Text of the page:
John Bennison Words and Ways | Unalienable Rights and the Question of a “Christian” Conscience

Unalienable Rights and the Question of a “Christian” Conscience

A Commentary for the Annual Observance of Independence Day, 2013

An artist’s stylized retrospective of Franklin, Adams and Jefferson “Writing the Declaration of Independence 1776” – oil on canvas, Jean Leon Gerome Ferris (1863-1930)

An artist’s stylized retrospective of Franklin, Adams and Jefferson “Writing the Declaration of Independence 1776” – oil on canvas, Jean Leon Gerome Ferris (1863-1930)

[A pdf copy to print and/or read is here.]


“We hold these truths to be self-evident, that all men are created equal, that they are endowed by their Creator with certain unalienable Rights, that among these are Life, Liberty, and the pursuit of Happiness.”


These grand words are etched in the American consciousness, and serve as a preamble of sorts to the Constitution’s subsequent ideal goal of “a more perfect union.”  With the recent split Supreme Court decisions over voting rights and marriage equality, along with and passage of an immigration reform bill in the Senate that naysayers declare is DOA in the House of Representatives, it would appear that while progress has been made, we clearly remain a work in progress, as well.

The Continental Congress that convened in Philadelphia on July 4, 1776, to ratify the Declaration of Independence consisted entirely of gentrified white male landowners, who certainly had their own particular ideas of what those rights to life, liberty and happiness consisted.  And it probably would not have included the sheer joy and bliss expressed on the faces of same-sex couples who lined up in front of San Francisco City Hall the last few days to be legally married.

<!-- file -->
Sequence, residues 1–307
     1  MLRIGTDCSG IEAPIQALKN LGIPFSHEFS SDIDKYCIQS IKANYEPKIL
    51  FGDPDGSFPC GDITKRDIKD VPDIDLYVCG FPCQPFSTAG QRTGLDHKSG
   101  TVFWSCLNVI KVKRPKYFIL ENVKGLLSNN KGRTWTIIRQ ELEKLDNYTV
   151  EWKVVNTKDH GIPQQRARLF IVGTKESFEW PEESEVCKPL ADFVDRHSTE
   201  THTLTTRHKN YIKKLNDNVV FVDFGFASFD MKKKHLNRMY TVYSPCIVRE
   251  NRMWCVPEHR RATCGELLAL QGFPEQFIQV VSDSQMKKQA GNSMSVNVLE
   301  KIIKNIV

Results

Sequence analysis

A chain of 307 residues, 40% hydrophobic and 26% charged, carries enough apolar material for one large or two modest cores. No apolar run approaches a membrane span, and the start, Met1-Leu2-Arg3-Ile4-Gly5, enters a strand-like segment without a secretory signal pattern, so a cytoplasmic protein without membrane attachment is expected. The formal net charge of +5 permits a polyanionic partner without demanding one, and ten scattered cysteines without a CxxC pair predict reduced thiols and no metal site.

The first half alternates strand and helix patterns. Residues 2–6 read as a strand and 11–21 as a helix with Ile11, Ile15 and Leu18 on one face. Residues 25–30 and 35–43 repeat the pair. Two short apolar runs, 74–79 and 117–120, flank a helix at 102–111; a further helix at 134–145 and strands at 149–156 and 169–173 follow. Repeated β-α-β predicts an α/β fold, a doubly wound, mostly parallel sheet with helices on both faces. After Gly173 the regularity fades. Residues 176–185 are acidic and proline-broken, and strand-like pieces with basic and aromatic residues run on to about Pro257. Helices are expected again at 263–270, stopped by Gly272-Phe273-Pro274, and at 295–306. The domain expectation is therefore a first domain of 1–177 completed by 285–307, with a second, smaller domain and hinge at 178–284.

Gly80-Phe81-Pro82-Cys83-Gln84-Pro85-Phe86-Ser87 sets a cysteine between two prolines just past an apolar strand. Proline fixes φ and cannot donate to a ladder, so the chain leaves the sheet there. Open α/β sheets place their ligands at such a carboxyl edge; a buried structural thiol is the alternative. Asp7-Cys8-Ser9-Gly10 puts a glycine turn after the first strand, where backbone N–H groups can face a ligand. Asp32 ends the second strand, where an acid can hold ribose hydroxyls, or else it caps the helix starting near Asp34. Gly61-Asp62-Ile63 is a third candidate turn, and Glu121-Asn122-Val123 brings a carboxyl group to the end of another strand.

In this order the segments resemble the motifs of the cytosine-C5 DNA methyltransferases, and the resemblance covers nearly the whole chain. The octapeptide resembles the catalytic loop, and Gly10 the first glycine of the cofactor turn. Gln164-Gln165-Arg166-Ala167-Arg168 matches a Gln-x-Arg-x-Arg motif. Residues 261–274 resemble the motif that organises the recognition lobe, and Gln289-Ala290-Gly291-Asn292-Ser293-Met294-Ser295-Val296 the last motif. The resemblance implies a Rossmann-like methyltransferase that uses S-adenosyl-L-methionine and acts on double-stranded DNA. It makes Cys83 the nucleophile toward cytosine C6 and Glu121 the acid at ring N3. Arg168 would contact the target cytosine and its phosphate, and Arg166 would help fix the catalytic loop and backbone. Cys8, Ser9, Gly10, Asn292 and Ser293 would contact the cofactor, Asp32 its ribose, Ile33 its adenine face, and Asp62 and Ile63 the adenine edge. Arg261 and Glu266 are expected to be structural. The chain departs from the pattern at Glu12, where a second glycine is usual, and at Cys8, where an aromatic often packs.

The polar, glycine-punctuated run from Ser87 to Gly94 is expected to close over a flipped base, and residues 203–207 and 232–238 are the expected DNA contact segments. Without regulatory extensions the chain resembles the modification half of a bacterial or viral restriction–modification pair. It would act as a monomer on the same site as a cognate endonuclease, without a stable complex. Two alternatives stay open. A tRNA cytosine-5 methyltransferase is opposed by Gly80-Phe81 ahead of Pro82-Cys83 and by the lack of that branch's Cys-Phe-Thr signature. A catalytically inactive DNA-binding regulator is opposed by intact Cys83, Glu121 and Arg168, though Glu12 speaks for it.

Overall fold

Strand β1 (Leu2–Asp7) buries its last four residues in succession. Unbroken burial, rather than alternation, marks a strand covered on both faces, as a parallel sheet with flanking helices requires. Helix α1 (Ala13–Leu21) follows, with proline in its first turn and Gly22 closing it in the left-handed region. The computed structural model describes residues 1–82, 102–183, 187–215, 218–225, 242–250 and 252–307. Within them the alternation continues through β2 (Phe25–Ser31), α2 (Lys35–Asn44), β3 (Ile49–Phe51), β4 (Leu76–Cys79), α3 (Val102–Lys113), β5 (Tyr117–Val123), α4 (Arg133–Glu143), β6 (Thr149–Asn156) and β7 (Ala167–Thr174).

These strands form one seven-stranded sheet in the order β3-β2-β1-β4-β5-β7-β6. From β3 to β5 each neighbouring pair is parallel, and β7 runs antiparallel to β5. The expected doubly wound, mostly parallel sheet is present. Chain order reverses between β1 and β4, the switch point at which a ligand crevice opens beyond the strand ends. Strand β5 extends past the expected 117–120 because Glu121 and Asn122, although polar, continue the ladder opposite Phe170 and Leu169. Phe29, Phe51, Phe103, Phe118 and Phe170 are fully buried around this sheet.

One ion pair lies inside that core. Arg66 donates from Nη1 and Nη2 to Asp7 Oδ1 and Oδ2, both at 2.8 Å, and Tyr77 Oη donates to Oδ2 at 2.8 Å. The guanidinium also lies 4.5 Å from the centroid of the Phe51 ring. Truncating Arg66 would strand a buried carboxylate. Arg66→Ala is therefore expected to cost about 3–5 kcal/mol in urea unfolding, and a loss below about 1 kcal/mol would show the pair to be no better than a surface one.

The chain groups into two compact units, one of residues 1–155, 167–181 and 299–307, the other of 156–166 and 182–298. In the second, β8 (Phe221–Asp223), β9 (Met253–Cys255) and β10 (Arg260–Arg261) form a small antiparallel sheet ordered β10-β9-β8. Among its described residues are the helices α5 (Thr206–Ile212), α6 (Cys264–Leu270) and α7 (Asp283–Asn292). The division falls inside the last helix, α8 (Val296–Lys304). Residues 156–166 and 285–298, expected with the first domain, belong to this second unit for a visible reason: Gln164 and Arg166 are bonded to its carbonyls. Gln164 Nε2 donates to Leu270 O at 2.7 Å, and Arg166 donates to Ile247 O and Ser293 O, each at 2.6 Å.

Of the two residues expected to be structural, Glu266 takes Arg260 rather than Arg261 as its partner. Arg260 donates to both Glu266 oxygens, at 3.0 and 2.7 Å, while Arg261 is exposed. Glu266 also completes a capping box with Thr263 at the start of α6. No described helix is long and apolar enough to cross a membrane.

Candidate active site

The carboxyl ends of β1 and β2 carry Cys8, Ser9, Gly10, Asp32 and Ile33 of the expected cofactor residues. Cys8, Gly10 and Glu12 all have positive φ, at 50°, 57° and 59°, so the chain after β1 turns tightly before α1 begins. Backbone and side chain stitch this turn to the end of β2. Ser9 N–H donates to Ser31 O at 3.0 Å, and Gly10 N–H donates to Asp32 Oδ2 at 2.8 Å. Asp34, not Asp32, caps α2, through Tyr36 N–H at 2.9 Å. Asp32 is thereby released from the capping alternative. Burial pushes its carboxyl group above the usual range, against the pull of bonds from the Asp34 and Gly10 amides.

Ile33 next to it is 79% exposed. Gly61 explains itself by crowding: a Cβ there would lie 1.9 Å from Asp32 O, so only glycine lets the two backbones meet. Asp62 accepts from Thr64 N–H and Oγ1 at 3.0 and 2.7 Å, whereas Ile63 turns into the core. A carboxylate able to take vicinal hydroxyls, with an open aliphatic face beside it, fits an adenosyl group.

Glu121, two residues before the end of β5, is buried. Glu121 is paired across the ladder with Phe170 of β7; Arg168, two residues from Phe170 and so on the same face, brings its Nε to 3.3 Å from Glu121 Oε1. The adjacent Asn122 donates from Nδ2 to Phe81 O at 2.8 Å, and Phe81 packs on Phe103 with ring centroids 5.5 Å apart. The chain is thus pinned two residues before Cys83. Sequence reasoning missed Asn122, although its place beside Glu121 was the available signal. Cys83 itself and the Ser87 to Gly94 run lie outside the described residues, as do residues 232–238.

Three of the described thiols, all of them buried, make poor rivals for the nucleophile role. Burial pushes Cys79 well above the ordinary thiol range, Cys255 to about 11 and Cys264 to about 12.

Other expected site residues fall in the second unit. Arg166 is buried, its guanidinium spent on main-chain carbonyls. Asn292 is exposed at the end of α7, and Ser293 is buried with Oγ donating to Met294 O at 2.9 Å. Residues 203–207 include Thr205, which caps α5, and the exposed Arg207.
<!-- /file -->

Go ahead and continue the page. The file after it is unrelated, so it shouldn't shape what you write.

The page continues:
Every American since this grand experiment in democracy was first envisioned has probably come up with one’s own interpretation.  The recent cover story of one news weekly [July 8th issue of Time magazine] explored how human beings – and especially Americans — seem equipped with the pursuit-of-happiness impulse by rounding up the usual suspects: money, status, kinship, health and longevity. At the same time recent polls indicate debt-ridden Ireland remains one of the cheeriest places on the planet, Canadians score significantly higher than Americans on the work/life balance satisfaction scale, and there are three times more happy people as unhappy people in war-torn Afghanistan. Here at home — though we claim to share the same God-given rights — my American dream in the pursuit of happiness may not, in point of fact, look much like any of those others; let alone that of Ben Franklin’s, John Adams’, Thomas Jefferson, or yours in reality.

Our Founding Fathers are regarded as visionaries, and men of keen insight and integrity; despite the fact we would find their attitudes then towards certain segments of our compatriots today downright abhorrent.  If pressed and asked what they meant that all men were created equal, clearly women, Native Americans, and “non-free men” (slaves) were not included.

Article I, Section 2.3 of our Constitution once declared slaves equal to 3/5 of a person. It was not a question of racial inequality or any moral laxity when it came to the question of human trafficking; but rather a compromise between the States for the purposes of taxation and representation when it came to the popular vote and what would have been regarded as the disproportionate population of the South if slaves were counted as being fully human.  So much for the kind of deal-making of which the vast majority of Americans believe a dysfunction Congress today is incapable!

What in the world were our Founding Fathers thinking (or not thinking), one might ask? What of their human conscience? Isn’t that nagging moral voice in the back of our heads something inseparable from our fundamental human nature, with which we are endowed by our Creator as well? With rights come responsibilities to act in good conscience, and for the common good as well, right?

From the outset, our Declaration of Independence from British rule included the assertion that there is something inherent in either natural law or divine providence that bestows upon every human being certain rights from which one ought not be alienated; rights that can only be denied us by some opposing human force and construct, “…to assume among the powers of the earth, the separate and equal station to which the Laws of Nature and of Nature’s God entitle them …” is the way our Declaration of Independence puts it in that document’s very first sentence.